Fairness at work is a live issue for many people in employment. For example they want more transparency about what goes on.
Ethical leaders too want to create a fair culture. How to achieve this remains unclear.
Even the most well intentioned leader struggles to bring fairness to life. The latest CIPD report tries to answer an ethical leader’s agonised plea: “Yes, but what does this actually mean?”
Take pensions for example. Fairness can mean giving people a decent one. Inequality may also exist between generations. Baby boomers for instance tend to have good pensions; yet their successors often pay more for far less.
The new CIPD study also reveals just how complicated the whole notion of fairness can be. From this rather opaque study, the answer is we view it through different lenses.
The report points to six different ones through which to judge fairness. For example it might be in terms of outcome, justice, capability, interpretation and so on. From a leader’s perspective yet more terminology and philosophy will not be welcome.
As far back as 1998 the UK government was arguing for more fairness at work as a good thing. In a new White Paper policy makers announced a new national aim to:
…develop a culture in all businesses and organisations in which fairness is second nature and underpins competitiveness. Such cultural change may lead to more positive relationships between employers and employees than the letter of the law can ever achieve. 
The varied nature of fairness shows how tricky this whole territory can be.—everything from the national minimum wage through to protection from unfair dismissal. Failure to complain at unfair treatment at work for example could be a death sentence.
Many men for instance, keep quiet and avoid confrontation. Yet those who refuse to stay silent can double their risk of dying from heart disease. You have a better chance of surviving by refusing to take inequity lying down. For example, by talking to the person with whom disagree, even getting angry with them. Dare to do this and you improve the chances of experiencing heart problems and even death. 
Life itself is unfair sometimes and “fair” is such a vague term. Many people would say this is almost impossible to achieve. Maybe we must learn to live with it?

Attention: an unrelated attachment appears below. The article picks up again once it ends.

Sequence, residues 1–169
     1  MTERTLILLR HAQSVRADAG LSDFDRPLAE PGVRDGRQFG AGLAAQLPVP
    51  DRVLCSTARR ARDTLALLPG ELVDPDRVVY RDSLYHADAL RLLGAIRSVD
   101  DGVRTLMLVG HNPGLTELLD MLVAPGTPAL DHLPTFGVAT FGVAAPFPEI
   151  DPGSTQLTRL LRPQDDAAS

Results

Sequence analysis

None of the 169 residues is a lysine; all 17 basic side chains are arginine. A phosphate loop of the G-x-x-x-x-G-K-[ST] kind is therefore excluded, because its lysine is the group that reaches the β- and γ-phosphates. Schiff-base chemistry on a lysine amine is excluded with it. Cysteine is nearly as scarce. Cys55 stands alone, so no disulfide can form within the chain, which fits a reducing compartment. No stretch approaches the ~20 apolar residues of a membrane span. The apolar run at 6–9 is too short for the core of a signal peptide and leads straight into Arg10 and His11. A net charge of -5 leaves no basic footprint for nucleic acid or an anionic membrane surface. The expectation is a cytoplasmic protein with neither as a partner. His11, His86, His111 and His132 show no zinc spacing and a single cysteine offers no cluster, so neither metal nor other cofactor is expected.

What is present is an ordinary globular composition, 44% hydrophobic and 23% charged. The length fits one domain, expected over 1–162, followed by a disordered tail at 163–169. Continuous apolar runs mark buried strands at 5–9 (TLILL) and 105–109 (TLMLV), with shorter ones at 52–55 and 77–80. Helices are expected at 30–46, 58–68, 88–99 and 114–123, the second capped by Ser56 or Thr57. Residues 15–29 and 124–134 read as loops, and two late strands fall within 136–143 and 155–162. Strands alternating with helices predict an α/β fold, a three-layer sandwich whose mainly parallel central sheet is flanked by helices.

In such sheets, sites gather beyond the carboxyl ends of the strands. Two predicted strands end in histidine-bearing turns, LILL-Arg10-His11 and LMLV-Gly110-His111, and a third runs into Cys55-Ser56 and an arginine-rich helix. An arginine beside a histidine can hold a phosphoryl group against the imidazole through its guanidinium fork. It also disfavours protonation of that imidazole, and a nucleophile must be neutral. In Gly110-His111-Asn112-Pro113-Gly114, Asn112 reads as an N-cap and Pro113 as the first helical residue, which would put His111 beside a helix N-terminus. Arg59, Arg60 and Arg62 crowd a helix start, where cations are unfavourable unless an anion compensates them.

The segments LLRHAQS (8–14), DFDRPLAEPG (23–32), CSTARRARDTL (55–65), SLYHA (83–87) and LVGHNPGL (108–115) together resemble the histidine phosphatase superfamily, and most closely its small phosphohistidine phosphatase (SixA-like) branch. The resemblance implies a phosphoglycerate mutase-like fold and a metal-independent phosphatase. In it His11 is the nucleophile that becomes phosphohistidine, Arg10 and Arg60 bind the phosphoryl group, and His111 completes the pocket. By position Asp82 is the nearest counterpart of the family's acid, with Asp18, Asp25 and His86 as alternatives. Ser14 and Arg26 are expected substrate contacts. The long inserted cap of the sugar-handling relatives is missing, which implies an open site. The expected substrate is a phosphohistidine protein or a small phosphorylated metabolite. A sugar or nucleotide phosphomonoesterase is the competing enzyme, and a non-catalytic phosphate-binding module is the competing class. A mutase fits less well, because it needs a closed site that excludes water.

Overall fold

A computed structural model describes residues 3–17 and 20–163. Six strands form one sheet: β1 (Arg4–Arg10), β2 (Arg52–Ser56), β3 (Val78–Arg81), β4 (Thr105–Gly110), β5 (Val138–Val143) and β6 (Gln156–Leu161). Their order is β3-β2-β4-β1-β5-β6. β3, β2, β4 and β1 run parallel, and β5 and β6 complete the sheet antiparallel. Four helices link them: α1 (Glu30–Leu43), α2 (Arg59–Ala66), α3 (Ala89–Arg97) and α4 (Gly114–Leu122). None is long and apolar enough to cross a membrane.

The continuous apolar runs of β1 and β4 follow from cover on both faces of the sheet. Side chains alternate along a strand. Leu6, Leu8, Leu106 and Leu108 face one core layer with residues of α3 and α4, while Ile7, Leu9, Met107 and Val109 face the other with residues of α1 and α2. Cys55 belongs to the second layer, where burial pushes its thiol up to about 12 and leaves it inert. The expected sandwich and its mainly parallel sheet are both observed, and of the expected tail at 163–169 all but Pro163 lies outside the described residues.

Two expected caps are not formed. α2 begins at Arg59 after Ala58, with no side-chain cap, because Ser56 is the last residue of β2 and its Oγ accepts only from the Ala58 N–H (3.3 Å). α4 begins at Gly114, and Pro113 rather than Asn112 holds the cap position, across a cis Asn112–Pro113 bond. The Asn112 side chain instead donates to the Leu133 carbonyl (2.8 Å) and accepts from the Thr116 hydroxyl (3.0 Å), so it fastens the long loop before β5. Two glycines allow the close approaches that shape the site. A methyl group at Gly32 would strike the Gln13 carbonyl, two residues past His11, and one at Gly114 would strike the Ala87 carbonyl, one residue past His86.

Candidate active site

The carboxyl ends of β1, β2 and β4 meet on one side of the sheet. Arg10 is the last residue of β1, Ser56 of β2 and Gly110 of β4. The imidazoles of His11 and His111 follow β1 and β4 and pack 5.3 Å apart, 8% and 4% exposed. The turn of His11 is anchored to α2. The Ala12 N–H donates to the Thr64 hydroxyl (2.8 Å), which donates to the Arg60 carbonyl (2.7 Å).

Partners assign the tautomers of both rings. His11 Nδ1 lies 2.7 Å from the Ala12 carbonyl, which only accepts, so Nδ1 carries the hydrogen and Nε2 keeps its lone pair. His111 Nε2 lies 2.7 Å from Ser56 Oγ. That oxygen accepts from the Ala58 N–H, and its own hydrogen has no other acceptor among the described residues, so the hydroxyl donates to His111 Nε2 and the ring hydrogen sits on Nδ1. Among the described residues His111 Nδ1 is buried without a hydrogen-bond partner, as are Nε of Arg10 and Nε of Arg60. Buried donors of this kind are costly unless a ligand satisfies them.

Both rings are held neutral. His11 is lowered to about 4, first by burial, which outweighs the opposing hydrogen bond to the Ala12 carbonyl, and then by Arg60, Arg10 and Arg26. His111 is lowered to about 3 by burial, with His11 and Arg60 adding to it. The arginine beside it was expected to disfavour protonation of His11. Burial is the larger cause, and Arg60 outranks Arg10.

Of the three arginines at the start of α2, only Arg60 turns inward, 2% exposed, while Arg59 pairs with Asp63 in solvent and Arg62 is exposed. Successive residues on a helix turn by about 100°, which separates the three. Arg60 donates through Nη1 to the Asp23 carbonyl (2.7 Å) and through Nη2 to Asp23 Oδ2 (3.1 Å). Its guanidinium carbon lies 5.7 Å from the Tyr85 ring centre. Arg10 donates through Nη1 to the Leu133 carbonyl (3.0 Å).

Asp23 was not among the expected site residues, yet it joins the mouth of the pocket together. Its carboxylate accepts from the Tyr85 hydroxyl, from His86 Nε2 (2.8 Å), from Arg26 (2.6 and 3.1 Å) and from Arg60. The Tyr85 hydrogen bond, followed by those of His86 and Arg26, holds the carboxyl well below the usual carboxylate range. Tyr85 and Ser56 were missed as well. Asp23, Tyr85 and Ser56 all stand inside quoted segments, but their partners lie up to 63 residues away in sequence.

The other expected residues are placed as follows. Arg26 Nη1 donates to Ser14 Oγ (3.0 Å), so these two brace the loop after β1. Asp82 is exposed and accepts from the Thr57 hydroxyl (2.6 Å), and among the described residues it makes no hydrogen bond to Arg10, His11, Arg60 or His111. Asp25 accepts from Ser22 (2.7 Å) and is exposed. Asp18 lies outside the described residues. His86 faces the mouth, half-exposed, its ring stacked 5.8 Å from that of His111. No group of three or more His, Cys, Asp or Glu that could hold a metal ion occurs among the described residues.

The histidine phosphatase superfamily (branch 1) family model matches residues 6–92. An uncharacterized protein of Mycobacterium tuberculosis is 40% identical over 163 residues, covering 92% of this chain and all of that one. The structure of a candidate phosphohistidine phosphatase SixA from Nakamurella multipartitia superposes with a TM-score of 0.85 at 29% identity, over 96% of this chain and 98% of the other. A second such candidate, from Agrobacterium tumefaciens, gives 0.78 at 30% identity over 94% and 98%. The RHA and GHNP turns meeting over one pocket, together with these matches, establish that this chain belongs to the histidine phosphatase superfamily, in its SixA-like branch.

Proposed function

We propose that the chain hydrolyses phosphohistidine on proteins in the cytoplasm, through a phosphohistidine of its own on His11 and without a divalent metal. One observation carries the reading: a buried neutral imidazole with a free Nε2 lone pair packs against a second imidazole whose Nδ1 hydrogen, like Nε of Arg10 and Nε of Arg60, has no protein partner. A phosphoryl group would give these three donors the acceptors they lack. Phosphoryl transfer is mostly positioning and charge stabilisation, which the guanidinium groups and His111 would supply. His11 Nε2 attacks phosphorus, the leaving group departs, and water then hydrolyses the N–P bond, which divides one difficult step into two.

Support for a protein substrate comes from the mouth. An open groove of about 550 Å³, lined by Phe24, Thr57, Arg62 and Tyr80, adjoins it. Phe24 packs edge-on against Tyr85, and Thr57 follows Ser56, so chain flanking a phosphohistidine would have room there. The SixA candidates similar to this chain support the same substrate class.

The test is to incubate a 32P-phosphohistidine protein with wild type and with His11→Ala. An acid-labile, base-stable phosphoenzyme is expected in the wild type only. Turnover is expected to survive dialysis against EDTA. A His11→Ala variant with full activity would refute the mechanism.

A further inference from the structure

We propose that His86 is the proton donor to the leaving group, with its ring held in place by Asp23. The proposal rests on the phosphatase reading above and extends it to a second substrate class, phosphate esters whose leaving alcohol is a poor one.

Studies into the real cost of unfairness at work though, blow a big hole in this argument. Staff leaving because of unfair treatment can cost mega bucks.
In 2007 for instance, the Fortune 500 companies paid over $60 billion due to unfair treatment. This included the cost of replacing them. Ignoring this almost amounts to corporate negligence. 
Ethical leaders realise fairness underpins an ethical culture. To be hard-nosed about this, employees tend to be more committed and productive when treated fairly.
Fairness continues to become more complex and harder to manage. So many issues pose ethical dilemmas. For example, should any working person be without health insurance? Or employees leaving a job should do so with dignity. Or make every workplace as safe as possible. The issues of global sourcing of work and problems of social mobility also complicate matters. 
Here are 10 practical ways ethical leaders aim for more fairness at work:
1) Promote transparency in how decisions are made—not merely which ones
2) Remove obstacles to success that discriminate on the basis of age, sexuality, marital status and so on
3) Ensure all employees are be treated with respect and honesty
4) Design financial rewards and the pay check to be more transparent
5) Offer clear routes for people to challenge decisions that affect them and their role
6) Keep communicating the importance of fairness
7) Deal with, rather than ignore transgressions of rules, values and other agreed behavioural norms
8) Share stories often about fairness in action
9) Reaffirm everyone will receive an equal opportunity to be recognized and promoted
10) Model fairness towards others to make it visible